36-year-old Das, who has had no formal training in filmmaking, handled the screenwriting, direction, cinematography, editing and production design of the 80-minute long film which has a cast that consists mostly of children. The film was shot on Das’s Canon 5D Mark 2, completely in natural light, with just a younger cousin assisting her on the ground. Sometimes, she had to climb trees with the camera, balance in waist-high water or on a boat bobbing in the flood waters. She shot the film over a period of four years.

Village Rockstars premiered at the Toronto International Film Festival in September 2017, and at the 19th MAMI Film Festival; it won three awards – the Golden Gateway award in the India Gold Category, Oxfam Gender Equality Award and the Young Critics Choice Award. The film’s child actors, who live in Assam’s Chaygaon where Village Rockstars is set in, travelled with Das to Mumbai to attend the screening at MAMI film festival.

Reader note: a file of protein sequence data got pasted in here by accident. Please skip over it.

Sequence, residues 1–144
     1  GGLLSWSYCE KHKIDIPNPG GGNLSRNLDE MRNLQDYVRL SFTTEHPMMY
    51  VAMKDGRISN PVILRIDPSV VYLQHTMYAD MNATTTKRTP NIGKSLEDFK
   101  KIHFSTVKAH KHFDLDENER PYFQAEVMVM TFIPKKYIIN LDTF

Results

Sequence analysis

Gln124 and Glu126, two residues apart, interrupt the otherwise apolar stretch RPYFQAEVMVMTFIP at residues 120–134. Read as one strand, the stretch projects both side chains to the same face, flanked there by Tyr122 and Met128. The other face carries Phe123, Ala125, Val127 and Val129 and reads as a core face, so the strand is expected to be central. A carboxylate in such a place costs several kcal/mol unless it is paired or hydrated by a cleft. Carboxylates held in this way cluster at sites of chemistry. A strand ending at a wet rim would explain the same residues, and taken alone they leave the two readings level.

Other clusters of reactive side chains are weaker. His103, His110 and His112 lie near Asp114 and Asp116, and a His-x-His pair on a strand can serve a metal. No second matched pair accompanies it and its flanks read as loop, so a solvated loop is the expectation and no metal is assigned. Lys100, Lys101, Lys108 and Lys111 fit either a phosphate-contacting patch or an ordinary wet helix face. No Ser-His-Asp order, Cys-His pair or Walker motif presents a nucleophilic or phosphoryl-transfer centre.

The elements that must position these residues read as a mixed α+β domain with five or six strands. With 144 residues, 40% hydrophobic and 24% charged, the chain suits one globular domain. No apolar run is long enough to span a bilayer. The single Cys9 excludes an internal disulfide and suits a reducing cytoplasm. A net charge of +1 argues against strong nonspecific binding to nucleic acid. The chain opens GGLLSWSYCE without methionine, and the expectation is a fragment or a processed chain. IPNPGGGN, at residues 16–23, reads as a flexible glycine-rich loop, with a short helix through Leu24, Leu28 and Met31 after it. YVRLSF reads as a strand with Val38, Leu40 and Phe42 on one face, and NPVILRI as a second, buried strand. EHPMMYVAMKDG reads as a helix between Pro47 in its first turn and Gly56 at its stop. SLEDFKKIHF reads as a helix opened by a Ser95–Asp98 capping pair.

Last week, it won the Golden Elephant for the Best Director (Feature Film) – Competition Asian Panorama – by Adult Jury at the 20th International Children’s Film Festival. Also, Bhanita Das bagged the Special Jury Award for Best Child Performer. The film will also be screened at the upcoming Cairo International Film Festival and International Film Festival Of Kerala.

Over a phone conversation, Das, who is now in Guwahati, spoke to Silverscreen about Village Rockstars and zero budget filmmaking.

Born and brought up in Chaygaon, Das, after earning a masters degree in sociology, shifted to Mumbai in 2003 to become an actor. However, she realised that the right acting opportunities were rare to come by. “It was a difficult period,” she admits. “As an actor, you don’t always get the roles you want to play. I spent around eight years in Mumbai as a struggling actor. That period helped me learn more about cinema, beyond the realm of acting,” she says.